• Are any of the factory farms receiving their chicks from the same hatchery?
  • What is the expected cost to taxpayers for this clean-up? (This is an industry that is already heavily subsidized by taxpayers.)
  • How will the industry be held accountable for creating the conditions where disease, like the Avian Bird Flu, can spread rampant and crash an entire sector of the economy?
  • How much are factory farm owners receiving per bird in compensation costs? What’s the total payout so far?

How the industry is already heavily taxpayer subsidized:

  • sales tax exemptions on feed; ($219.6 million in 2010 across all factory farms)
  • sales tax exemption on energy used to heat and cool buildings; ($9.1 million in 2010 across all factory farms)
  • sales tax exemption on implements of animal husbandry ($34.4 million in 2010 across all ag)
  • sales tax exemption on domesticated fowl ($8.9 million in 2010)
  • sales tax exemption on lab tests for livestock (including fowl) ($3.5 million in 2010)
  • other sales tax exemptions… (fowl bedding, etc)
  • property tax exemptions allowing them to be taxed at the rate of the ag land they occupy, rather than the taxable “productivity” value of the building.

Clean Water Act (CWA) permits hold factory farms to higher standards and it can shut them down!  As of today, the DNR has not issued a single Clean Water Act permit to a hog factory farm in Iowa.

Here’s why Clean Water Act permits can be game-changers as we build a farming system that works for People and the Planet!

  • Broader coverage of enforcement
    • CWA permits must prevent discharges from the production area as well as land application areas. Iowa’s Manure Management Plans (MMPs) only address land application areas.
  • More transparency
    • When permits are proposed the public must be given notice of the proposed permit and an opportunity to comment on it. NPDES permits, and all associated reports, must be publicly accessible.
  • Fixed terms
    • Unlike Iowa’s MMPs, CWA permits have fixed five-year terms. That way, they are subject to being reviewed, updated, or terminated on a regular basis. DNR admitted in an Ag Appropriations Sub-Committee this year that DNR does not review MMPs because they do not have the capacity to do so.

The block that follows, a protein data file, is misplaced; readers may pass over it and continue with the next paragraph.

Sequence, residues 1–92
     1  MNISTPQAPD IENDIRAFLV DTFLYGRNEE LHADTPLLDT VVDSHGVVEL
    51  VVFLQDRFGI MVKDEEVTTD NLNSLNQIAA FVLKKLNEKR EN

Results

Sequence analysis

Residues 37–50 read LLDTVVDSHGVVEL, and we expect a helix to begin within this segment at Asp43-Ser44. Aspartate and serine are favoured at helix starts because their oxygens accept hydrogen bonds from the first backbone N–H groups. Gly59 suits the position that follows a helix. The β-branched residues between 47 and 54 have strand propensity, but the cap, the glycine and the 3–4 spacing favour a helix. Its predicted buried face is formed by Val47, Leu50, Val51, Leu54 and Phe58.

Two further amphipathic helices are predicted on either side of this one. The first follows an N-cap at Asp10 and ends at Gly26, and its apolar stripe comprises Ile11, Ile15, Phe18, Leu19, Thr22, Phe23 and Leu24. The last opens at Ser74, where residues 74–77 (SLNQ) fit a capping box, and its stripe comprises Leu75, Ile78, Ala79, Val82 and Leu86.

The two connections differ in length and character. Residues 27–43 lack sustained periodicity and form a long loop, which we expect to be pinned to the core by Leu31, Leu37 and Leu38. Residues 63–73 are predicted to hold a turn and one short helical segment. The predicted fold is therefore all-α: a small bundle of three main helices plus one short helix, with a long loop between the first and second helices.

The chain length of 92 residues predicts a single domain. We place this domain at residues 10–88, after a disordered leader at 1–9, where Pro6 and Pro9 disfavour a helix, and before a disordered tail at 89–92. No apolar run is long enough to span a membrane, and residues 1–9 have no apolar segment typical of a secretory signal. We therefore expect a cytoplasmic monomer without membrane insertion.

• Operation & maintenance requirements
    • CWA permits have operation and maintenance requirements so that factory farm operators prevent problems before they happen. Currently, factory farm owners may have to fix a problem after a discharge, but aren’t required to use basic practices that would prevent many discharges in the first place.
  • Higher penalties for violations
    • State law caps penalties at $5,000 per day per violation and the state cannot collect more than $10,000 per violation. Under the CWA, penalties are up to $37,500 per day per violation, which would include penalties for discharges or other violations of a permit. Higher penalties mean greater deterrence from pollution. When facilities have NPDES permits, permit violations are also CWA violations that can warrant these heightened penalties, even if the violation does not cause a discharge to a surface water.

If you think the Iowa DNR should start issuing Clean Water Act permits to polluters, join the fight!

 

Join the Fight

Factory farm proposing to build near you? Have concerns about an existing facility? We can work with you and your community to fight back and stand up for clean air and water and your quality of life.